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Mich. primary race revs up as Sanders goes on attack in Detroit

Craig Mauger
The Detroit News

Detroit — U.S. Sen. Bernie Sanders roared into Michigan on Friday night, using the issue of trade policy as a spear against former Vice President Joe Biden, who's taken the momentum in the race for the Democratic presidential nomination.

Sanders spoke at a rally inside Detroit's TCF Center, kicking off a four-day surge of campaign activity ahead of Michigan's primary election on Tuesday. About 6,000 people attended the event, according to a count from the Detroit fire marshal.

More: Bernie Sanders favored by donors in Michigan

Sanders slammed Biden on a variety of issues, alleging Biden had been inconsistent on the subject of abortion over his lengthy political career, late to back gay rights and supportive of "disastrous" trade agreements. 

"If we are going to defeat Trump in Michigan, Pennsylvania and Wisconsin, it will be very hard for a candidate who voted for these disastrous trade agreements," Sanders told the crowd.

Sanders featured those attack lines in a 48-minute speech, in which he touted his own "100% pro-choice voting record" and his vow to take on Wall Street and the pharmaceutical industry.

Sanders also called for "high quality, affordable child care for every family in America" and promoted his Medicare for All health coverage program, calling health care "a human right."    

Before the rally, the Vermont senator participated in a panel discussion on trade policy and highlighted what he described as his "very, very different" record on trade than Biden's.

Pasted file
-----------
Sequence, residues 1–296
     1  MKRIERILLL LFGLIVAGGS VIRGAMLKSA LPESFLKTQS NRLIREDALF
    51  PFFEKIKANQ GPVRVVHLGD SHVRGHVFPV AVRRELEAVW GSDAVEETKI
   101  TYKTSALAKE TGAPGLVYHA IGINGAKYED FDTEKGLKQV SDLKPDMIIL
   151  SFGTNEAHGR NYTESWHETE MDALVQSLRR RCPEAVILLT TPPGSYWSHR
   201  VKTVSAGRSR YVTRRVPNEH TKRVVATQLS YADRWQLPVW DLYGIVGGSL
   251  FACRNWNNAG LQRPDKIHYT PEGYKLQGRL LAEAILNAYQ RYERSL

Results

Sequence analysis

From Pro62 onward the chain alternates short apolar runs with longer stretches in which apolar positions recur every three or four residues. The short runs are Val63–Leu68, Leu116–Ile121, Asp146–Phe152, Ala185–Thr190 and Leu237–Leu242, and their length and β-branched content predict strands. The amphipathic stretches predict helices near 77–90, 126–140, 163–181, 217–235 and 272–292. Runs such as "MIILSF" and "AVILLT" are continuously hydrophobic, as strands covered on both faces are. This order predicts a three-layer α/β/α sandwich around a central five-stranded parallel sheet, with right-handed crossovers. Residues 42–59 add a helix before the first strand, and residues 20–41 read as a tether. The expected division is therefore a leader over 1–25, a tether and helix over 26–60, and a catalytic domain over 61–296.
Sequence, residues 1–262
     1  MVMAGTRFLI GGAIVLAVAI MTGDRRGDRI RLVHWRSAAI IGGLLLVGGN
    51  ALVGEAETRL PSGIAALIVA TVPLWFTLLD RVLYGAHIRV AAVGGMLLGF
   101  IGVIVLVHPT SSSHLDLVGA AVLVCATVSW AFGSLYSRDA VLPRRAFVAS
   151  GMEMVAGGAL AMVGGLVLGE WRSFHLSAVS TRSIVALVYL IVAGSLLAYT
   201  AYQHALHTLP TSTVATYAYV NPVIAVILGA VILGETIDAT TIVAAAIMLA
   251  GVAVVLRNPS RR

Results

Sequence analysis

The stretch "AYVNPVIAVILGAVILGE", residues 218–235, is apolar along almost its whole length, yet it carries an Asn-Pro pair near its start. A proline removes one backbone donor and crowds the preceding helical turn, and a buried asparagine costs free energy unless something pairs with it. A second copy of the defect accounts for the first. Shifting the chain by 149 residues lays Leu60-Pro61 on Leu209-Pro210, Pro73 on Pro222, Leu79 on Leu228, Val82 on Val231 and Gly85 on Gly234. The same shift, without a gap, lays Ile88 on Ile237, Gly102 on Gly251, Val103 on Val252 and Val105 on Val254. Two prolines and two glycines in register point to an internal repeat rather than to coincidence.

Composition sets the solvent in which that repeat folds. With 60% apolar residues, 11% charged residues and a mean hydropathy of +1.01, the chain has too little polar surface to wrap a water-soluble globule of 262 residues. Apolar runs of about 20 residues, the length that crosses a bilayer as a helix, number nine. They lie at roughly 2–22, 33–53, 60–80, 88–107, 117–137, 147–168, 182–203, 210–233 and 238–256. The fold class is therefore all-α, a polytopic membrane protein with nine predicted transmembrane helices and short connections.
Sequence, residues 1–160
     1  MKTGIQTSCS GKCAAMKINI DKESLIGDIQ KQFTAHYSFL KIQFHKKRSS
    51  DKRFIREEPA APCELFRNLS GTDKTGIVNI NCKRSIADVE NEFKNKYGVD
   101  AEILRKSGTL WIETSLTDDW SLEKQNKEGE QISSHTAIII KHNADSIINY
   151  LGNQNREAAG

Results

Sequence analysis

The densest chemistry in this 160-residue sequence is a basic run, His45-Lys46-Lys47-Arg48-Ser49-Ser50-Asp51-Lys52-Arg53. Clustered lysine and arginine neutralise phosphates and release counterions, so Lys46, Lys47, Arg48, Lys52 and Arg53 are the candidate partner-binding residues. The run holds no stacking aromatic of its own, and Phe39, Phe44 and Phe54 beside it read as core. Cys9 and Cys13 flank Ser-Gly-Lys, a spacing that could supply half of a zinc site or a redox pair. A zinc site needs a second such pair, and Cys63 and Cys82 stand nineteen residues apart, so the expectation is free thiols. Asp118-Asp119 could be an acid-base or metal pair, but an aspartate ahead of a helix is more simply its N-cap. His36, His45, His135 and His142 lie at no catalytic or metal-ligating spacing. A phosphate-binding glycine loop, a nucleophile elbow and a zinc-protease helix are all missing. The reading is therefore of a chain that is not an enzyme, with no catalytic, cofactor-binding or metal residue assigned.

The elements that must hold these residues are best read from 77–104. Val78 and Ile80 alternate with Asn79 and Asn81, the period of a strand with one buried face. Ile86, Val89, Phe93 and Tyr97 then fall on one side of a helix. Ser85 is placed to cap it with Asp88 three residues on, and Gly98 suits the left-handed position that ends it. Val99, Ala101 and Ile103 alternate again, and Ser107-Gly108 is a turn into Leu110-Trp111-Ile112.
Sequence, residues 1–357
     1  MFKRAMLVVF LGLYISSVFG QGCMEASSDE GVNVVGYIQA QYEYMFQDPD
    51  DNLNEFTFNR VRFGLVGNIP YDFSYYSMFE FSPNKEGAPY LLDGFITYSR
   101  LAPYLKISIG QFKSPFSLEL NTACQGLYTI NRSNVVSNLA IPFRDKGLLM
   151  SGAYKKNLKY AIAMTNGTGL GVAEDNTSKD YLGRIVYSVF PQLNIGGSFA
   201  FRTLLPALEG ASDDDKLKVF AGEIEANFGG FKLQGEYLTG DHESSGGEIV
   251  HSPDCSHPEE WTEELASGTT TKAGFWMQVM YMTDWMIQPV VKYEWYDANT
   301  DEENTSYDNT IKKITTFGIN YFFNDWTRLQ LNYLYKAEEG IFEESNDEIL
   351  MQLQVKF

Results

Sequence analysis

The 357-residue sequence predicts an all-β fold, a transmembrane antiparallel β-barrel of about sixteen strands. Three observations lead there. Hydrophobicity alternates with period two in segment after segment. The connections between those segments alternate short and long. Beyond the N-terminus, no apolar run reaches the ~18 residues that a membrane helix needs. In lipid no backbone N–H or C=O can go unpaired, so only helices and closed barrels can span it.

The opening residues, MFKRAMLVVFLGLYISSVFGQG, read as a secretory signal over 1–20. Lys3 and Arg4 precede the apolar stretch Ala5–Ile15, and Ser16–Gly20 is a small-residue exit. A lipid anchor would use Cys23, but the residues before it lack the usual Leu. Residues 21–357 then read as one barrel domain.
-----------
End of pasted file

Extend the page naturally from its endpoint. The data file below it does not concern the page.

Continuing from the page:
"I have done my best to oppose these disastrous trade agreements," Sanders said. "Joe Biden, on the other hand, has strongly supported them."

In Michigan, Sanders is trying to win back the momentum in the race for president after Biden won the majority of the 14 states that voted on Tuesday. Sanders pulled an upset in Michigan's primary in 2016, beating Hillary Clinton by 1.4 percentage points.

On Friday, he brushed away Detroit News/WDIV-TV polling that showed him trailing BIden by nearly 7 percentage points in Michigan. Sanders noted that polls showed him behind Clinton ahead of the 2016 primary in the state.

Volunteers Jayce Bixka of Westland, who is making a statement about freedom of speech by wearing a mask, and Julia Henry of Royal Oak hand out signs before Presidential candidate Bernie Sanders speaks at TCF Center in Detroit.

"Polls are polls," Sanders said "All I can say is that we are going to work as hard as we can to win here in Michigan."

But Biden's campaign is trying to deal Sanders a blow in a state that was crucial to him four years ago. Minnesota U.S. Sen. Amy Klobuchar, who was once a candidate for president herself but now supports Biden, made two appearances in the state Friday evening on Biden's behalf.

In an interview inside the MGM Grand Detroit, Klobuchar argued that Biden is the candidate who could put together a coalition of independents, moderates and the Democratic Party's base to "win big" against President Donald Trump.

Klobuchar compared Biden's campaign with Michigan Gov. Gretchen Whitmer's 2018 win. She beat Republican Bill Schuette by 9 percentage points as Democrats also flipped two U.S. House seats in Michigan.